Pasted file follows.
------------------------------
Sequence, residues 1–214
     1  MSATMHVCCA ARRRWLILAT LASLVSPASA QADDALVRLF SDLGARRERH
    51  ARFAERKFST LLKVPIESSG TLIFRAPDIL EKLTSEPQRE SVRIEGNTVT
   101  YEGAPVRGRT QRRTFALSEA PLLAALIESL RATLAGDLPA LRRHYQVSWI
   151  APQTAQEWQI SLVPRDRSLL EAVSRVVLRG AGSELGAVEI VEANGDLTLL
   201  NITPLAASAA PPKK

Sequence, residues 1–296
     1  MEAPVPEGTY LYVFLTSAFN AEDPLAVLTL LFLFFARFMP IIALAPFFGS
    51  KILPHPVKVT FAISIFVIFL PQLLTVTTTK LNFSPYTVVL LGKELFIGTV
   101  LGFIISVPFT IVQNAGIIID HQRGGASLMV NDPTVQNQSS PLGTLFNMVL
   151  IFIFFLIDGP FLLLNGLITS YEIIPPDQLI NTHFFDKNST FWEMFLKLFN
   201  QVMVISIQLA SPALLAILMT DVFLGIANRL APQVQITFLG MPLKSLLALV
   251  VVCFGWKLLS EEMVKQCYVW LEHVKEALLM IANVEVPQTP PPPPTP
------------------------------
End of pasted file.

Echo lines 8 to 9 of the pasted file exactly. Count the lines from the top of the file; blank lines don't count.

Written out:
     1  MEAPVPEGTY LYVFLTSAFN AEDPLAVLTL LFLFFARFMP IIALAPFFGS
    51  KILPHPVKVT FAISIFVIFL PQLLTVTTTK LNFSPYTVVL LGKELFIGTV